The Herbert Conspiracy

From zero to hero, but what really happened?

Needled by world champion Michael Schumacher's pointed comments about David Coulthard's speed, Damon Hill was moved to puzzle why it is that the German's own team-mates mysteriously lose form the instant they got their bottom in the second Benetton?


Finally handed the opportunity his legion of supporters insist he deserves, Johnny Herbert's early form hinted that he would not fulfil the role of Benetton's second class citizen patented by the likes of Patrese. Verstappen and Lehto. Yet, having qualified within half a second of his team-mate in Brazil, the gap went out to three seconds in Argentina, where he was lapped. By now there were mutterings that Herbert had not found out until race day that Schumacher was using a different differential.

In Imola Herbert was again two seconds adrift and it was said that he was denied access to the German's telemetry printout. In the race itself he was at one stage passed by test driver Jos Verstappen, driving for lowly Simtek. With both their contracts owned by Flavio Briatore, speculation flew that before long the Dutchman would return to the fold. Hardly surprising, then, that Herbert's confidence was at low ebb.

But in Spain the plot suddenly went awry. Driving a fine race to achieve the best result of his Grand Prix career, he inherited second place on the final lap. Benetton was presented with only the second one-two finish in its history. It was a remarkable transformation, but what really happened behind the scenes?

Case number one: did Schumacher really have access to another diff?

"It is an open situation in the team, and any information can be passed on," insists Schumacher. "He gets a lot of support from the whole team, and I try to give him as much support as possible. Every driver has little secrets. I have mine and I'm sure Johnny has his too. But in Imola, for instance, where Johnny was in quite big trouble, I tried to help him and when I had a little secret I passed it over to him."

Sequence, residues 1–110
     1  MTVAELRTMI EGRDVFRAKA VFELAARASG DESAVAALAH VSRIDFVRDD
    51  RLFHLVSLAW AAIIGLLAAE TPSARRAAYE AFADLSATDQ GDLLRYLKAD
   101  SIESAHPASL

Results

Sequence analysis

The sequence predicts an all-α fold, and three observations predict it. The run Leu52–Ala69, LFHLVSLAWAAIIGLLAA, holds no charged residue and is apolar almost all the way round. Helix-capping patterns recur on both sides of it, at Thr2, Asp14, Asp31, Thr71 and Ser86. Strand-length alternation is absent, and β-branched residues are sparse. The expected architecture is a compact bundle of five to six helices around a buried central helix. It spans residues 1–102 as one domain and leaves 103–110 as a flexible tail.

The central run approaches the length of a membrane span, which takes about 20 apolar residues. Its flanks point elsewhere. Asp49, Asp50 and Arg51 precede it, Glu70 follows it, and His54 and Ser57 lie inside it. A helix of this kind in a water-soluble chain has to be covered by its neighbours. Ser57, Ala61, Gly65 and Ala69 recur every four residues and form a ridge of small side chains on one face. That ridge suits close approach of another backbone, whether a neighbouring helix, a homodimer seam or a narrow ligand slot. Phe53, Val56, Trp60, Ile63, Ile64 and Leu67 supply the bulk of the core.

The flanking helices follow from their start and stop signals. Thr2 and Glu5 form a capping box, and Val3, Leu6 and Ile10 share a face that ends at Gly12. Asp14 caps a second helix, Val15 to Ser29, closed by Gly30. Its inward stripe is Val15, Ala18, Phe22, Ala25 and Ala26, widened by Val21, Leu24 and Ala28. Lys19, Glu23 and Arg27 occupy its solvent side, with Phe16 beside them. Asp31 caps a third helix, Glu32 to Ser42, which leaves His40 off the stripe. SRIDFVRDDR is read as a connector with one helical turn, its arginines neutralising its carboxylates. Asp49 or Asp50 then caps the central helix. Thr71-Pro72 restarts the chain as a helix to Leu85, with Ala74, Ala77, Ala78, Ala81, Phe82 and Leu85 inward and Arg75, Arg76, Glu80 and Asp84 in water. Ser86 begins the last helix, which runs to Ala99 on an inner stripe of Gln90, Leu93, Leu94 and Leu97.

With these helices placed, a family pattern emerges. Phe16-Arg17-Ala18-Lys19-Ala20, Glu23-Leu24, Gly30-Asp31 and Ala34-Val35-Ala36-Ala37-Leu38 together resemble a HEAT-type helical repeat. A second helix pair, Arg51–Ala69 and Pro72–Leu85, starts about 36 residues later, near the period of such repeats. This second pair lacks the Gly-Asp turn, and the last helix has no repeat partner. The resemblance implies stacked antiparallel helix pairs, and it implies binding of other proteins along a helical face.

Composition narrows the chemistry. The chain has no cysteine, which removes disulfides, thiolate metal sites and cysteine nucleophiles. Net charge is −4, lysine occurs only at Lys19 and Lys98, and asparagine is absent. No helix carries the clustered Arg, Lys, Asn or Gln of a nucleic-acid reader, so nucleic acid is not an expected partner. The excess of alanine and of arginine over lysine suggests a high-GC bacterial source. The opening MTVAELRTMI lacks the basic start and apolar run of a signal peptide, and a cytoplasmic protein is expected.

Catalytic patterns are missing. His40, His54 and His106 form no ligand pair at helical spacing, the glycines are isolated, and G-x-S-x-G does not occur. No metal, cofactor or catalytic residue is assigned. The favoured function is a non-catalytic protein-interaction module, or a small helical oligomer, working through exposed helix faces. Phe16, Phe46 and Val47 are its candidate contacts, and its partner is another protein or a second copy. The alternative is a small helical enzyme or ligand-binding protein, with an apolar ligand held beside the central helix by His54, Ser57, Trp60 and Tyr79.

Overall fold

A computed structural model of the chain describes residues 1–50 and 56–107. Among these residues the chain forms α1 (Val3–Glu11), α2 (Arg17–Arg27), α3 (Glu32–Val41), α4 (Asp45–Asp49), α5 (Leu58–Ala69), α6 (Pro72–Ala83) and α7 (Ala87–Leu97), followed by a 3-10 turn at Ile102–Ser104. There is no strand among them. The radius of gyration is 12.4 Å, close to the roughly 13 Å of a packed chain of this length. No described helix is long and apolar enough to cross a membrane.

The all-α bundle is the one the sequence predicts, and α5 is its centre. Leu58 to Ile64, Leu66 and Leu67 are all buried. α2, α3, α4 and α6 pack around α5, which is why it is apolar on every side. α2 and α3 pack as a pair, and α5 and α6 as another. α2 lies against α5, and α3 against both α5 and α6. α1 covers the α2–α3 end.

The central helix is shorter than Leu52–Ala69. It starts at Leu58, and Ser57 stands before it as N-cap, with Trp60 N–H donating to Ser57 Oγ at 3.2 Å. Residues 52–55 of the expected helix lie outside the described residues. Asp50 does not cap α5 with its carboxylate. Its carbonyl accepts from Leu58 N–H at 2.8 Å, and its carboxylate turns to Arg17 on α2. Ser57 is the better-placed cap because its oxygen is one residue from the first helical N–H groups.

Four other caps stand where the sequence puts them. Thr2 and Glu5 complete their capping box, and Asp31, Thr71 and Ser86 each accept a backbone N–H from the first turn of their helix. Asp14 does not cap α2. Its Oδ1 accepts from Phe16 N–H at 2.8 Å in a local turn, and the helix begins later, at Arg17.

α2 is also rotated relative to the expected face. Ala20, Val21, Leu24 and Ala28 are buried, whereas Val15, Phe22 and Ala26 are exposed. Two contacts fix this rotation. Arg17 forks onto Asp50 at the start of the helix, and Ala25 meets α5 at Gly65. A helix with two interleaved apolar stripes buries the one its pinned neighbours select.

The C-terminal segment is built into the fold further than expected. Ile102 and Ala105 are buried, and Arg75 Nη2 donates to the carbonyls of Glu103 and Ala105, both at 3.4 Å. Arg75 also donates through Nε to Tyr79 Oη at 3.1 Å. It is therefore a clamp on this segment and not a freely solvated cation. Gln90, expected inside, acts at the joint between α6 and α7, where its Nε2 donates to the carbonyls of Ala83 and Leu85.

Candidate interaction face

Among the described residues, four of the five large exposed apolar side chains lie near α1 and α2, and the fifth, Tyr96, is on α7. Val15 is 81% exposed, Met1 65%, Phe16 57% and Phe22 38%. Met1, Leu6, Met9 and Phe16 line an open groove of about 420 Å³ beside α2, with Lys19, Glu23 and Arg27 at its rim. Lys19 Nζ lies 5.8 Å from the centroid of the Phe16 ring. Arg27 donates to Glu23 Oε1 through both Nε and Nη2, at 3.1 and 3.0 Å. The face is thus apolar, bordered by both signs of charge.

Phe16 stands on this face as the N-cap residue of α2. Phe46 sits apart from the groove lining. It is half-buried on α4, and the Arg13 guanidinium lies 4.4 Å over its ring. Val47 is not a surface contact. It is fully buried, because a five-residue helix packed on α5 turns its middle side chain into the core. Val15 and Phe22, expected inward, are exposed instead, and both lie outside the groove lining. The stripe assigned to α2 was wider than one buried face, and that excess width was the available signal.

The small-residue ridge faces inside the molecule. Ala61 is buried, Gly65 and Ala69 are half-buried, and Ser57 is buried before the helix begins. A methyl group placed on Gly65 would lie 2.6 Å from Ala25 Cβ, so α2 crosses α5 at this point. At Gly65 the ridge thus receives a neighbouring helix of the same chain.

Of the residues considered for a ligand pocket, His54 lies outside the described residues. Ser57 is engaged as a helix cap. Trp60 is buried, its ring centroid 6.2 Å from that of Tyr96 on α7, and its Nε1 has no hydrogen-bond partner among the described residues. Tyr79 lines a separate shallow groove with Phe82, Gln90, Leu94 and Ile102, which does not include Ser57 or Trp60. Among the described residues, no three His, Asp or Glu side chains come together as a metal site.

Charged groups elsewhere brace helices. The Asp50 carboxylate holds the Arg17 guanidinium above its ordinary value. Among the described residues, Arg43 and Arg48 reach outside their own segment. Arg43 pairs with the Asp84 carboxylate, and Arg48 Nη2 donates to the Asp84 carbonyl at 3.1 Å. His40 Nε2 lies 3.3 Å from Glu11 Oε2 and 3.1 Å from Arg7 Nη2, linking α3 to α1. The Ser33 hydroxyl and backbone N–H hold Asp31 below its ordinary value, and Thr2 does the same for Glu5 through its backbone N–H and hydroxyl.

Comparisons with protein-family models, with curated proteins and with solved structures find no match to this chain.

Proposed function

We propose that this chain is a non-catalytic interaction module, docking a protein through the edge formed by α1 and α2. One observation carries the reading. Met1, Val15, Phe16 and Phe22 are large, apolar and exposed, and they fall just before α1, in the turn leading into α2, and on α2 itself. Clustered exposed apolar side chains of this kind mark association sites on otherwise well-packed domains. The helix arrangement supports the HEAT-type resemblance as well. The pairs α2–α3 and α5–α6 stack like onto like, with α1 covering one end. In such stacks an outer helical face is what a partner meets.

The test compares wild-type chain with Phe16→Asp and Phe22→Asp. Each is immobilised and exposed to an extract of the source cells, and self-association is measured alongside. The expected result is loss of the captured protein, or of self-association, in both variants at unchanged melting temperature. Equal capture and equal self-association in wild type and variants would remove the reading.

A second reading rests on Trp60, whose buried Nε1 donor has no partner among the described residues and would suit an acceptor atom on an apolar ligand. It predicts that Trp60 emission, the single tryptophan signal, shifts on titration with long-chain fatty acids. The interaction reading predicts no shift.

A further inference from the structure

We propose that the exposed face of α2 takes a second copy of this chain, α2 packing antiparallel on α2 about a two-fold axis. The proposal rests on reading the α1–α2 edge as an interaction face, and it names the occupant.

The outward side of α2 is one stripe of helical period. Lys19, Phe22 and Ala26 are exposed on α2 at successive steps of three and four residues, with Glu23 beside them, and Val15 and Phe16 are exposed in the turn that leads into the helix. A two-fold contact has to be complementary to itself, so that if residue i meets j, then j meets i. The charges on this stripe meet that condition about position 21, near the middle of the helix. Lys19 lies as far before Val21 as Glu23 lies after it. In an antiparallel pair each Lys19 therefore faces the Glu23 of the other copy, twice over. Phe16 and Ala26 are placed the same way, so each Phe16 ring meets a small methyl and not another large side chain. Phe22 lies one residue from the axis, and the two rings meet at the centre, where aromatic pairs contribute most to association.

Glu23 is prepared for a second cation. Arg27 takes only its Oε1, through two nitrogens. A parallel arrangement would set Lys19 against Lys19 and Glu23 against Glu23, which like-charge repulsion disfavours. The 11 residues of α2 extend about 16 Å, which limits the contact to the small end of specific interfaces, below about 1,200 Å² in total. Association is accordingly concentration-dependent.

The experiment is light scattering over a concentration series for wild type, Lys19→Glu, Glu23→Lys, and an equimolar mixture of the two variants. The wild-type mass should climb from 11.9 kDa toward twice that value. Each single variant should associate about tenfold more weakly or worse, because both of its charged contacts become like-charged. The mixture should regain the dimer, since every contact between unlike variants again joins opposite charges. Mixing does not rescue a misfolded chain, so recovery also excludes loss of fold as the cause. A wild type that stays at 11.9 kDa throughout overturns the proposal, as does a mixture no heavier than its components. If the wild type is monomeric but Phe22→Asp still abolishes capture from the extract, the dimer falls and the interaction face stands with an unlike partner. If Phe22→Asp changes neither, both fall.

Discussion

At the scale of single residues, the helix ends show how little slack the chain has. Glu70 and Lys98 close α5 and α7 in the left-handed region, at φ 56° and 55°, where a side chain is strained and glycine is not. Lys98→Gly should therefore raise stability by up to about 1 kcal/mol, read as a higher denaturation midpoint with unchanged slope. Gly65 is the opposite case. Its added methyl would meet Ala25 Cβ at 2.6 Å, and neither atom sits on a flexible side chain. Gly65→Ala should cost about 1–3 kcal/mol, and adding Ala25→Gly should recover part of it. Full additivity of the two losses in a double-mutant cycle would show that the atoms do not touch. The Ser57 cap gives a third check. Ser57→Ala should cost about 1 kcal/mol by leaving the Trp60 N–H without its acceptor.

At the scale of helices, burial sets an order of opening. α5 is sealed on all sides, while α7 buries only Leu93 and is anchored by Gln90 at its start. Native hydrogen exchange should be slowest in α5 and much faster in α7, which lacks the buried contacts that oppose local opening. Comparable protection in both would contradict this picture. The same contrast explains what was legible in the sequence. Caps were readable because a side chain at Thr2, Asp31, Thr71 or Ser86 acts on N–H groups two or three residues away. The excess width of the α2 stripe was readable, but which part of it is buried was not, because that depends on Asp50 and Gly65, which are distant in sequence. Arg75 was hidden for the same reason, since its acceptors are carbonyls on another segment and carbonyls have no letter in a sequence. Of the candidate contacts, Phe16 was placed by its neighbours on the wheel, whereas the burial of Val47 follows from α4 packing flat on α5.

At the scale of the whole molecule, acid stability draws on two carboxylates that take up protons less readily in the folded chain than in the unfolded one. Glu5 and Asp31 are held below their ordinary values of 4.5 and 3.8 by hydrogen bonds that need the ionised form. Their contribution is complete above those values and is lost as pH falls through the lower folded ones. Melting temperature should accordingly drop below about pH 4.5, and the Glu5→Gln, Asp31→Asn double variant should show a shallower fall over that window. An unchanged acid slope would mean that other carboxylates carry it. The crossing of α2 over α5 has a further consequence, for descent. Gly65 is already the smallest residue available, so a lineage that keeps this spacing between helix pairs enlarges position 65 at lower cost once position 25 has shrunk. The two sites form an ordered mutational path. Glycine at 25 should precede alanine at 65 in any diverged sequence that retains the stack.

The verdict: yes, he probably did.

Case number two: was Herbert denied access to some printouts?

"It's not an issue," he says, but the verdict is that yes, some of Michael's throttle traces were kept secret. That is no longer the case.

Ross Brawn, Benetton's Technical Director, explains the argument for the defence: "Michael is sensitive about aspects of his driving style. He believes he has a certain approach that gets him results, and he doesn't particularly want other people to know about it, in the same way that we wouldn't want McLaren knowing about the technical details of our car.

"All the data is now available to Johnny, he can look at everything that is going on. They are competitive by nature and Michael, quite rightly, isn't going to explain to Johnny how to go round a corner. That's really what it amounts to, and I don't think there are that many drivers who will."

Case number three: was Herbert left to go his own way on settings?

"It's not down to Michael," explains his team mate. "It's more an issue of me getting hold of the car and doing what I want to with it. I used Michael's settings in Imola, but couldn't make them work. I think that's because I'm much more aggressive on turn-in to the corner. With Michael's settings if you turn-in slightly, the car really goes: if you turn-in a bit heavier, there is no way it will stay on the track.

"I've got to change the car to suit me. I've got to go my way, Michael's got to go his way, but it's not as if we'll have a different floor or wings or anything. It's just a case of steering our cars to how we like them."

One swallow doesn't make a summer, and one podium finish doesn't make a career. It may seem harsh, but the jury probably remains out when it comes to Herbert's future.

"Michael is too strong, and too well integrated in the team for Johnny to suddenly walk in and put up a really strong challenge overnight," explains Brawn. "But he's already settling in and finding ways of making the car work for him. Michael actually used Johnny's set-up for qualifying in Barcelona, and found that it worked pretty well. So we are actually working together as a team. There are some people who like to make more of it than there is..."

"There was no magic," says Herbert's engineer Tim Wright of Benetton's reign in Spain. "I think the other teams were struggling a bit, rather than us being exceptional. But there's no doubt that Johnny's beginning to feel more comfortable with his car."

And the conspiracy?

"That's easy!"

It is?

"Yes. There never was one..."